Researchers Discover Subtle Brain Abnormalities in Children with PANS
Researchers from Stanford University have uncovered subtle structural differences in the brains of children with a rare condition that seemingly causes their personalities to change overnight.
Children with Pediatric Acute-Onset Neuropsychiatric Syndrome (PANS) experience a rapid onset of symptoms, including new obsessions, compulsions, dramatic mood swings, and tantrums.
Little is known about the condition, and many pediatricians are unaware of its existence, according to U.S. News & World Report. Some experts suggest that PANS is triggered by an infection, such as streptococcus, which leads to the immune system attacking the brain. However, some pediatricians view the symptoms as purely psychological.
The Stanford researchers documented microstructural differences in the brains of children with PANS, a development that could potentially facilitate the diagnosis of the condition. These abnormalities are not visible with standard magnetic resonance imaging (MRI). The hope is that brain scans could eventually be used as a diagnostic tool for PANS, the researchers said.
Still, these observations do not prove that the structural differences cause PANS symptoms, according to Dr. Jennifer Frankovich, the lead author of the study. However, they indicate that certain brain structures are affected in these children.
And if an autoimmune response is indeed the culprit, then inflammation may be driving the changes.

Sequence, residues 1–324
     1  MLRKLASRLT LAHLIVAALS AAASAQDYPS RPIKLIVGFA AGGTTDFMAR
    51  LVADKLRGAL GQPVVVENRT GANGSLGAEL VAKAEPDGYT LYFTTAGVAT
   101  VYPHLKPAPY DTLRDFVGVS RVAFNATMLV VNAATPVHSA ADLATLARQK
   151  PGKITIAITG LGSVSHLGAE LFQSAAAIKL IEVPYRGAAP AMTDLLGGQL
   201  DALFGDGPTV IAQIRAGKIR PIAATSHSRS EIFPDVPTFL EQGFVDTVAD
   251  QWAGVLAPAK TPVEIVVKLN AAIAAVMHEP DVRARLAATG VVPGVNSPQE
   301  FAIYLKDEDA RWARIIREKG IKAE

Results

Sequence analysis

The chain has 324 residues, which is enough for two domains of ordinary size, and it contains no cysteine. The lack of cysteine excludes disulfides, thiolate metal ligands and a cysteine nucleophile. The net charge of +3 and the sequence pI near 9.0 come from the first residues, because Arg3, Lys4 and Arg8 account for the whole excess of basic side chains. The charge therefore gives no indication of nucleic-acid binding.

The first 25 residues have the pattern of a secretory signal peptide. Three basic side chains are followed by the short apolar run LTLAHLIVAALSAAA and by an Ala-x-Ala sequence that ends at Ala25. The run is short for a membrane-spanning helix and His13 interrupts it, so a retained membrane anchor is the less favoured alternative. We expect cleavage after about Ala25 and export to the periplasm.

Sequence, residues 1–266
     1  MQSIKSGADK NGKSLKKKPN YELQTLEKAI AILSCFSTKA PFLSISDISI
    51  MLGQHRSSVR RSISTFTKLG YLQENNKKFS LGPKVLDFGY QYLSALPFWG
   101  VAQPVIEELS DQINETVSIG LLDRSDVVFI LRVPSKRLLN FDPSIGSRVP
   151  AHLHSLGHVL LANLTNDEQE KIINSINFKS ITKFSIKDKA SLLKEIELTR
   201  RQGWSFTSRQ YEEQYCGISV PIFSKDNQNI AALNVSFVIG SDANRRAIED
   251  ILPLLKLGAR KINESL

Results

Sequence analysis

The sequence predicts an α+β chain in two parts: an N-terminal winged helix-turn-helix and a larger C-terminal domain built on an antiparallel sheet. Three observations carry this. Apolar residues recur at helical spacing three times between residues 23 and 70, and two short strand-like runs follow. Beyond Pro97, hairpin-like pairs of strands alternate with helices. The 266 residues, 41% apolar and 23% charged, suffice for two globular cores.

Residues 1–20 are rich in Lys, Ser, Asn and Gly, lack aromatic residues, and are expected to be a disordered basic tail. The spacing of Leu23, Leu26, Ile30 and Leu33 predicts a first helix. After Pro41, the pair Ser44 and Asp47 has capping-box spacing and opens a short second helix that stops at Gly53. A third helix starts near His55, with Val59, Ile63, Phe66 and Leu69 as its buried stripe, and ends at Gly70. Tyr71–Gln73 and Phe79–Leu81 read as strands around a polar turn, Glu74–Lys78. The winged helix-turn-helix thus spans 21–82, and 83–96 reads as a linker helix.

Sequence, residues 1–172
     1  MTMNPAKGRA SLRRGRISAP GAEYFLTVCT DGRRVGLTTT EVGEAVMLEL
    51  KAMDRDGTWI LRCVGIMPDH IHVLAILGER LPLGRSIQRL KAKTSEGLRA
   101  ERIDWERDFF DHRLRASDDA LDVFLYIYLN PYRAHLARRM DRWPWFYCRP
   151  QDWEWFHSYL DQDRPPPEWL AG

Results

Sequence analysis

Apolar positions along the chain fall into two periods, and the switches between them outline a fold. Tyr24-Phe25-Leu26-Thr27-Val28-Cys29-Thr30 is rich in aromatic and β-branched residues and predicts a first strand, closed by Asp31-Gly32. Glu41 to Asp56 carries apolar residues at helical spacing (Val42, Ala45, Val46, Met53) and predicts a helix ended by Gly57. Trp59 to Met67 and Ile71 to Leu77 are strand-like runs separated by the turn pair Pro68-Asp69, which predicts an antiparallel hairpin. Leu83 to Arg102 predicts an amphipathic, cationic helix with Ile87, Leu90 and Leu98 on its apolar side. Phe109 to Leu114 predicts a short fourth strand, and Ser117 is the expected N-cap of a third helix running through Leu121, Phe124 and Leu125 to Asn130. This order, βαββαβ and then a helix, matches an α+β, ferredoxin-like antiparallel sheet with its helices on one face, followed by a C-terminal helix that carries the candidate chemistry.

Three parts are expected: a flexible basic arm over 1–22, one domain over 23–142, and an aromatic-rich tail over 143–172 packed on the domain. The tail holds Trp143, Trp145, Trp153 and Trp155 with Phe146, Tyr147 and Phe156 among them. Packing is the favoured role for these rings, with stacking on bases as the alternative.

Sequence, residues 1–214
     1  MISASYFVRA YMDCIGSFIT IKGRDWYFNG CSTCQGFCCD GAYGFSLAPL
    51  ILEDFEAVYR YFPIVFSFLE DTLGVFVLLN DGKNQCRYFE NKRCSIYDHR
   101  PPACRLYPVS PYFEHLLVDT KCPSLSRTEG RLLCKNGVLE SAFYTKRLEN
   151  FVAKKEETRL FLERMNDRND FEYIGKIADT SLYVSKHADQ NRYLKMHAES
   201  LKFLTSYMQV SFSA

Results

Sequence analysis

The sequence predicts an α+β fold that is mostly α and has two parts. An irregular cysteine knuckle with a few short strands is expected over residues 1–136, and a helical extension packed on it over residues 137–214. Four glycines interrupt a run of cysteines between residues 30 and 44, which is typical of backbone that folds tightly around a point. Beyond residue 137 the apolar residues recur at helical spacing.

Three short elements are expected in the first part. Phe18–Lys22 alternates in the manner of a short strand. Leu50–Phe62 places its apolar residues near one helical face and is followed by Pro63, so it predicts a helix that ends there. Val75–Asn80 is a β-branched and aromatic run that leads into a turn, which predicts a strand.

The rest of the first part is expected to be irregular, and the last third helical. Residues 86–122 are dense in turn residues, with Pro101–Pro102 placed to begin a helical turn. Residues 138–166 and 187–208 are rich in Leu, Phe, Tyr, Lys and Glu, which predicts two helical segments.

“We are operating under the hypothesis that [PANS] is an inflammatory process,” said Dr. Kyle Williams, director of pediatric neuropsychiatry and immunology at Massachusetts General Hospital in Boston, to U.S. News & World Report.
Williams, who was not directly involved in the study, added that anti-inflammatory medications, such as corticosteroids, could be used to treat PANS if further research confirms the study’s findings.
The symptoms of PANS were first observed in the late 1980s when researchers noticed that some children were displaying sudden obsessive-compulsive behaviors. The onset of psychiatric and neurological symptoms following a streptococcal infection is called PANDAS. PANS is the term used when other types of infections are suspected.
The Stanford researchers used special software to analyze diffusion magnetic resonance brain scans from 34 children with PANS and 64 healthy controls. They found increased water molecule movement in certain brain regions, especially the basal ganglia and amygdala.
The basal ganglia plays a role in learning, movement, and emotional expression. The amygdala is also involved in emotional processes, particularly fear.
Further research is needed to determine the significance of these differences and whether they are permanent, said Frankovich. The study was published in JAMA Network Open.